California ski resorts embrace renewable energy and hope skiers will love it

In the peaks near Lake Tahoe, the Squaw Valley and Alpine Meadows ski resorts are hoping to draw skiers and snowboarders with some upgrades that have nothing to do with snow.

 In 2017, Boreal Mountain California installed 715 solar panels on the roof of the Woodward Tahoe action sports facility, resulting in a 235 kilowatt-hour solar photovoltaic system that will produce 325,000 kilowatt-hours annually. (Powdr Corp.)

In 2017, Boreal Mountain California installed 715 solar panels on the roof of the Woodward Tahoe action sports facility, resulting in a 235 kilowatt-hour solar photovoltaic system that will produce 325,000 kilowatt-hours annually. (Powdr Corp.)

The two resorts, owned by the same Colorado parent company, plan to become the country's first resorts to operate entirely on renewable energy by December. Squaw Valley also plans to build a mountain-side structure that will contain batteries to store some of that energy.

"Squaw Valley is usually at the forefront of all of these issues," said Michael Reitzell, president of the California Ski Industry Assn., a trade group that represents the state's ski resorts.

Other California ski operations also are becoming more environmentally friendly.

Last year, another Tahoe-area resort, Boreal Mountain, installed 715 solar panels on the roof of its indoor sports facility on the base of the resort's mountain. About two miles away, the Soda Springs ski resort began using 100% recycled water in 2015 for all of its snow-making efforts.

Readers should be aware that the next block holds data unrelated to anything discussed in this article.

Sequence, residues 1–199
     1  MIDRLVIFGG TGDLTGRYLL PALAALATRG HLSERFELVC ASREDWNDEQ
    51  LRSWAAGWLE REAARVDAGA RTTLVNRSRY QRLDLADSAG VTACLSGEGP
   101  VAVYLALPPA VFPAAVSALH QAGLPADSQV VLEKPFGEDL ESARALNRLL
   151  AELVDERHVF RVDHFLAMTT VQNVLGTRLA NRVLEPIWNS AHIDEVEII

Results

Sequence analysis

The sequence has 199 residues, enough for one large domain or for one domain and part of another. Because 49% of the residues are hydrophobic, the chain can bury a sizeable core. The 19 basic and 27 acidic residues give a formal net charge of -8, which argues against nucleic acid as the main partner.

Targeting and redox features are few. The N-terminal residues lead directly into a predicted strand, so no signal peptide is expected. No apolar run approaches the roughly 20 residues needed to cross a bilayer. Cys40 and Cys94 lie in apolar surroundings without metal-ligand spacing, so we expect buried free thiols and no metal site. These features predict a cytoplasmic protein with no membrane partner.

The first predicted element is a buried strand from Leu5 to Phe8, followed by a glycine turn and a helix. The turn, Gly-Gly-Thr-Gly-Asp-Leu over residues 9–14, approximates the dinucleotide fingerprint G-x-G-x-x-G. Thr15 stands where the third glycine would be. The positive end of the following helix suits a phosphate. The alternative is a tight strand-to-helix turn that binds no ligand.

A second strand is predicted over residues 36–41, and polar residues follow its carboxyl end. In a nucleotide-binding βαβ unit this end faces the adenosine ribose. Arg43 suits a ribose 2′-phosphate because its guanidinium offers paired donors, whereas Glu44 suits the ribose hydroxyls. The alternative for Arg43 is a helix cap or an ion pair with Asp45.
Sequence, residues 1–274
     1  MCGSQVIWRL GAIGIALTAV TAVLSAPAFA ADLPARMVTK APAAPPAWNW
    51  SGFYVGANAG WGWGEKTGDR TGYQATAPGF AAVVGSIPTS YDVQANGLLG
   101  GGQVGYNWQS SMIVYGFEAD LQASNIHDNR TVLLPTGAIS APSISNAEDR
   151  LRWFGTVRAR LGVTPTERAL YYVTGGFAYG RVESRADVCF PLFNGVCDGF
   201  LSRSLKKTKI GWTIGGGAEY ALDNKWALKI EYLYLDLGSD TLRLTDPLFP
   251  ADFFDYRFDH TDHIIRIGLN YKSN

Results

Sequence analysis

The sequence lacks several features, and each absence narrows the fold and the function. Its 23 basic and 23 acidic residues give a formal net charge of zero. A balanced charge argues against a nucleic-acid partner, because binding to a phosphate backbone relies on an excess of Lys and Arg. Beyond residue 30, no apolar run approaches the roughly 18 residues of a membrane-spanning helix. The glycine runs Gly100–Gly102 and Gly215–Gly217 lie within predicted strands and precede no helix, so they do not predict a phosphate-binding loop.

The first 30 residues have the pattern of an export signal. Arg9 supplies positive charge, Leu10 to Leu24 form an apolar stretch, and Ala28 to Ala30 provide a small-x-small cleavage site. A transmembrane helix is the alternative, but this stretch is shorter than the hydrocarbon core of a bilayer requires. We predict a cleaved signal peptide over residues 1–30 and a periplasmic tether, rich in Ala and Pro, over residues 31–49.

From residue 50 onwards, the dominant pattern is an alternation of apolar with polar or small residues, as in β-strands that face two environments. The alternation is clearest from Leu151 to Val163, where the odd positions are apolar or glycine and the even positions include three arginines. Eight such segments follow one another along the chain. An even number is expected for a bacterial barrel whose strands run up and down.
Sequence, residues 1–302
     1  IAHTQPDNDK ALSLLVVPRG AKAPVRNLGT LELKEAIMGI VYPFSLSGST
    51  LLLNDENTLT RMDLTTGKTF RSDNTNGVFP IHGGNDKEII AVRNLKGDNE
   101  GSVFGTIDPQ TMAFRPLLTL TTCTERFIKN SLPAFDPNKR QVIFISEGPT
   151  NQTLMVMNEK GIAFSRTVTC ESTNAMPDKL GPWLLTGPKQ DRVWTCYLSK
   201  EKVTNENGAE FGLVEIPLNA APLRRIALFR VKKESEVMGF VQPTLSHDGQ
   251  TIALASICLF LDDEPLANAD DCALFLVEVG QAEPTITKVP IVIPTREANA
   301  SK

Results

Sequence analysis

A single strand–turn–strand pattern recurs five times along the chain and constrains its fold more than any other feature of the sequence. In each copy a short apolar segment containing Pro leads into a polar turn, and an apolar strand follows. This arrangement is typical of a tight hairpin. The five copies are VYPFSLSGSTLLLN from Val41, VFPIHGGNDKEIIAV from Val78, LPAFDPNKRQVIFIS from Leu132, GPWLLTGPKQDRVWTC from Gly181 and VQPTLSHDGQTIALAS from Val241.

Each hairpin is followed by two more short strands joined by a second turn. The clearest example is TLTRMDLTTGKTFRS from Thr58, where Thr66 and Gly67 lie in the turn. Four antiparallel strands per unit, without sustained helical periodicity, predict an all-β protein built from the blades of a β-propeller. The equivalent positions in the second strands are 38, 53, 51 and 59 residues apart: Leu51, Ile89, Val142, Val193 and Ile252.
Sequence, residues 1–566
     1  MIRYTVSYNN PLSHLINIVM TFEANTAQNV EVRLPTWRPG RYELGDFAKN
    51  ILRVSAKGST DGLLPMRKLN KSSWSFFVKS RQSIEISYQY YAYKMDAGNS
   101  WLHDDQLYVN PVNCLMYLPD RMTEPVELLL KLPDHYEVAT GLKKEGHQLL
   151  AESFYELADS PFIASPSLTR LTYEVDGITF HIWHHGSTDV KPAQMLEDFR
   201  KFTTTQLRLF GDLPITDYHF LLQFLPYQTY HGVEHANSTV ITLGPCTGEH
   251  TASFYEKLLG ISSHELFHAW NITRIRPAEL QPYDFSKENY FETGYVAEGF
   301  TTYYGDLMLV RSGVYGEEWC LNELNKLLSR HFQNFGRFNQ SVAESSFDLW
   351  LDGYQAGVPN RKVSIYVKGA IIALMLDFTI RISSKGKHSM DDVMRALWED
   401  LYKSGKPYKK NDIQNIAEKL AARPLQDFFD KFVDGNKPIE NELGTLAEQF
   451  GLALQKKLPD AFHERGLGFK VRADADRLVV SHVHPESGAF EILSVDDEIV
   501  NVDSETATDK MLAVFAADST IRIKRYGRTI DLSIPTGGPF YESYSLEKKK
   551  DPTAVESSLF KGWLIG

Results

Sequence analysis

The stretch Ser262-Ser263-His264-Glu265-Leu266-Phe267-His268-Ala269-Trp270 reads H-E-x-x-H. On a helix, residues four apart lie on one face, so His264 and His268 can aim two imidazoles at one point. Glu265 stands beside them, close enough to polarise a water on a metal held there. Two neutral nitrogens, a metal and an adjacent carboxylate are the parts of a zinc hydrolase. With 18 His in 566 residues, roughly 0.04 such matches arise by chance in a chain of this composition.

Vail Resorts — the Colorado company that owns 11 ski resorts, including Heavenly, Northstar and Kirkwood in California — has vowed to eliminate all emissions and waste sent to landfills for the entire company by 2030.

"We believe climate change is one of the most significant challenges facing every country, every business and every person on our planet, and we all have a shared responsibility to address it," said Beth Ganz, Vail Resorts' vice president of public affairs and sustainability.

Ski resort operators say there is a sound business reason behind such efforts. Not only do the resorts expect to save money over the long run by turning to renewable energy and cutting waste, but they also hope to appeal to skiers — particularly millennials — who put a premium on environmentally friendly travel destinations.

"They are going to support brands that they see a piece of themselves in," said Laura Schaffer, a spokeswoman for Powdr, the Utah parent company of the Boreal and Soda... Read the rest of the story on the LATimes.com HERE